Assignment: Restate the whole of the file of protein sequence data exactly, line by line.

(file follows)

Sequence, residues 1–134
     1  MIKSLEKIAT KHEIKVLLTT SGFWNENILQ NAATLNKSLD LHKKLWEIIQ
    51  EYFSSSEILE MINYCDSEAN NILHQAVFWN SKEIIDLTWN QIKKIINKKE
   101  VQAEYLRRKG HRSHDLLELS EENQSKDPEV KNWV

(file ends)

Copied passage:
Sequence, residues 1–134
     1  MIKSLEKIAT KHEIKVLLTT SGFWNENILQ NAATLNKSLD LHKKLWEIIQ
    51  EYFSSSEILE MINYCDSEAN NILHQAVFWN SKEIIDLTWN QIKKIINKKE
   101  VQAEYLRRKG HRSHDLLELS EENQSKDPEV KNWV